To Read While Googling Questions About Reproductive Care

Intercourse. The birds and the bees. STDs. Uterine diagrams! We at W+K Lodge have had our fair share of uncomfortable (and comfortable) conversations with our parents, our friends, and our P.E. teachers to learn about sexual and reproductive health. And yet, we still count ourselves as lucky to have had an, albeit awkward, sex education. Only 24 states and the District of Columbia mandate sex education in public schools; only 13 require it to be medically accurate, and three states require parental permission before a student can attend a class.

With sex ed being taught only once while we continue to experience daily hormonal, physical, and psychological changes throughout our lives, it’s no wonder we are wholly unprepared to take care of our sexual and reproductive health for the long term. It feels eerily similar to attempting a proof from a freshman geometry class 10, 15, or 20 years later — while the instructions for completing the proof have also changed without our knowledge.

In such an ecosystem, products and brands have an incredible opportunity to fill in the gaping holes in sexual and reproductive health knowledge as people grow—by educating users about different products, extending customer support beyond sale, and forming long-term relationships with users through their reproductive health journey. How can a brand foster an authentic and empowering relationship with a consumer about a very intimate relationship within themselves?

One tried-and-true way companies can begin a long-term relationship is through subscription services. A concept that started in the beauty and fashion industries with Birchbox and Stitch Fix now brings that same ease, efficiency, and privacy to each and every woman while they navigate their personal health needs overtime. Nurx allows women to get birth control prescribed and delivered to their door. Cora and LOLA are both tampon subscription services with transparent ingredients and customizable monthly boxes.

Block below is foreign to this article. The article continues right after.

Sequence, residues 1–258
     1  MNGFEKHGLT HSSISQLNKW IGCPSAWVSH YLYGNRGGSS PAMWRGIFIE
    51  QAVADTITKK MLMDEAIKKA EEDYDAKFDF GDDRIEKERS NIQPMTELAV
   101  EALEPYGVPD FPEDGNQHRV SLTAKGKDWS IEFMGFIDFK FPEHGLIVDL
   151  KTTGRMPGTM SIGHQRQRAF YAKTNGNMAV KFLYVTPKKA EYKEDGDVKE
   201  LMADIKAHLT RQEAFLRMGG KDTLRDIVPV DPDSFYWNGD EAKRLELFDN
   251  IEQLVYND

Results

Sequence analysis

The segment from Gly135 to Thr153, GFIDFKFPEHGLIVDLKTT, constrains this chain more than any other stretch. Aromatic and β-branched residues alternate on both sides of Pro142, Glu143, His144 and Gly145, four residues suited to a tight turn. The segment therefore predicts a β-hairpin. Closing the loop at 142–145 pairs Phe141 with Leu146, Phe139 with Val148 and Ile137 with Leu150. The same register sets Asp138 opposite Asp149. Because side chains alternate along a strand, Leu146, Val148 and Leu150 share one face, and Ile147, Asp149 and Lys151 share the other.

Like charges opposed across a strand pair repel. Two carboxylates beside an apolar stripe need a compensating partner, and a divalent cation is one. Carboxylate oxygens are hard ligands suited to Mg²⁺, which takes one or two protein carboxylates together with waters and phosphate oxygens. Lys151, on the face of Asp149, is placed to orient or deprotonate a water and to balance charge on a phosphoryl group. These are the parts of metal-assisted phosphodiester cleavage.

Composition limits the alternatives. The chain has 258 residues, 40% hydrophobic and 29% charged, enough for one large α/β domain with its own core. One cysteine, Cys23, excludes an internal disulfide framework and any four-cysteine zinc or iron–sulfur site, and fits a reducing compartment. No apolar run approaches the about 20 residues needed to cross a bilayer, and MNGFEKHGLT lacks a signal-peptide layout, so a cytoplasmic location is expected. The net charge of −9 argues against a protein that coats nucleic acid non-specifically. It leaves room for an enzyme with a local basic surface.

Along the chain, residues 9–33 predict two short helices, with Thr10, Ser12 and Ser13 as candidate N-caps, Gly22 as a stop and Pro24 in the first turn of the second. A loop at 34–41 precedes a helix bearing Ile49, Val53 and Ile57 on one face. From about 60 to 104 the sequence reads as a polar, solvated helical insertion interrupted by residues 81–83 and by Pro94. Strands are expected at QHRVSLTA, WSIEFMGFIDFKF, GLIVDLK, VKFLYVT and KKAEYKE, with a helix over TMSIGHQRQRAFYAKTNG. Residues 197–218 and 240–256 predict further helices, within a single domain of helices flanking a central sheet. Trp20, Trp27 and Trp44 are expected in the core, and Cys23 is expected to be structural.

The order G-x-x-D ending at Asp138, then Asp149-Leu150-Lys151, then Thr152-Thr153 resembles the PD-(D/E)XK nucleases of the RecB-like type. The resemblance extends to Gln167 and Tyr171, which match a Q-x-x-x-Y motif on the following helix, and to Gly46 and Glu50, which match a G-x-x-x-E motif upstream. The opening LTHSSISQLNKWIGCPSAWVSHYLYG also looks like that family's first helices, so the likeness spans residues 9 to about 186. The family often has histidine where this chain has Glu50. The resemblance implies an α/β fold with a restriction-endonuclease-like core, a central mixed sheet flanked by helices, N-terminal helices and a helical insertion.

We see reproductive and sexual health testing processes following suit to meet the consumer where they are most comfortable and relaxed—in their home. Companies like Eve Kit and EverlyWell provide much-needed personalization and privacy to the testing processes for patients. With kits delivered to the home, people can test anything from their egg count to screening for STDs, removing the need to head into a clinic or to an OB/GYN. Which even the most aware and knowledgeable patients prefer the immediacy and privacy of the internet and direct-to-consumer resources. “The healthcare system was not my first place to turn to, which is unfortunate,” says Anneka Van Scoyoc, a family planning and reproductive health researcher at the Population Council, “The process of setting up an appointment and going to the doctor all just to talk was unrealistic in my busy life. Instead, I learned most of my info from friends and Google.”

Van Scoyoc also recommends the app Bedsider: “Now, when it comes to choosing contraception, I refer my friends to Bedsider, which has great info on almost all methods. I particularly like the videos where they interview people of different sexes who have used that form of [birth control].” The site is an educational, content-driven platform that strives to educate and put the onus on people of all gender identities about contraceptives and sexual health. For an even greater sense of professional support, check out Maven, the digital clinic empowering women and families with expert, convenient, and compassionate, on-demand health care. Named one of Fast Company’s Most Innovative Companies of 2018 and designed by women for women, Maven works tirelessly to return agency and confidence to women about their bodies through an increased access to professional opinions in a timely fashion and regardless of insurance status.